Arctic recycling


An article from the Special international issue of Uusiouutiset Finnish Recycling News, published on 31st May 2017.


Finnish Lapland is becoming a demonstrative area of the circular economy in the Arctic region. The estimated value of the circular economy business in Lapland stands at EUR 500 million.


Elina Saarinen


“Investments in the circular economy and new production models require long-term, systematic work and time. This is not a sprint, it’s a marathon,” says Kari Poikela, Programme Manager at Digipolis Oy.

Digipolis Kemi works to achieve a change in operating cultures in the Kemi-Tornio region and Lapland over the long term. The aim is to adopt operating models that are in line with the circular economy.

Digipolis is building a network that includes industrial and mining enterprises, communities, authorities and funders operating in Lapland. The aim of the network is to facilitate industrial symbioses and promote the circular economy. Other parties promoting the circular economy in Lapland include Sitra, Motiva, the Lapland University of Applied Sciences, Aalto University and environmental authorities at the Centre for Economic Development, Transport and the Environment.

“Fifty pairs of eyes see more than one pair of eyes. We are writing new success stories together. The aim is to arrive at a comprehensive perspective on the development of the circular economy in Lapland,” Poikela says.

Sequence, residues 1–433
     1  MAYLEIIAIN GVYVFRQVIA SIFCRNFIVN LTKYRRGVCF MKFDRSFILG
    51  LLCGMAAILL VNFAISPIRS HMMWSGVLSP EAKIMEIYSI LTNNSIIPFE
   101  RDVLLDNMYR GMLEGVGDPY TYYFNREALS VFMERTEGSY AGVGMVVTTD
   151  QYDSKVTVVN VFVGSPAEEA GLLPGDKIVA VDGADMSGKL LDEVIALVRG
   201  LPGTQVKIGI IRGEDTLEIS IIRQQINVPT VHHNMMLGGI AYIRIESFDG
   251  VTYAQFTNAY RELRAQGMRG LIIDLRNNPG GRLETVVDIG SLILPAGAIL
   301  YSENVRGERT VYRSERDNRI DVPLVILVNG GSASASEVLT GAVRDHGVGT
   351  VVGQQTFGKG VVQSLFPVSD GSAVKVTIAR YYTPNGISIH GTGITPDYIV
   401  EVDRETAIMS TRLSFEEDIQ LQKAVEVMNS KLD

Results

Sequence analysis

Hundreds of jobs

The region has immense potential. The value of business related to the circular economy and industrial symbioses in Arctic industrial ecosystems and Kemi-Tornio’s circular economy innovation platform is, even according to conservative estimates, approximately 500 million euros per year. Due to the planned investments in mining and bioeconomy, the volume could become as high as two billion euros, which would mean over a thousand new jobs.

Arctic industrial ecosystems and models for the circular economy are one of the key projects identified in Sitra’s circular economy road map. Good methods and tools identified in the programme could also be used elsewhere, for example, in northern Finland, Sweden and Norway.

Digipolis started its work years ago by analysing the potential recoverable co-streams in the region. It invited parties who could use waste as a raw material in workshops.

At the moment, the list of co-streams has 30 items, from ferrochromium scrap to lime by-products. Poikela estimates that the Kemi-Tornio region currently has up to 1.7 million tonnes of industrial waste and co-streams that could be recovered. By building value chains, matching operators and refining raw materials, these co-streams could become recycled nutrients, materials in water treatment, building supplies, soil conditioners or infrastructure construction materials.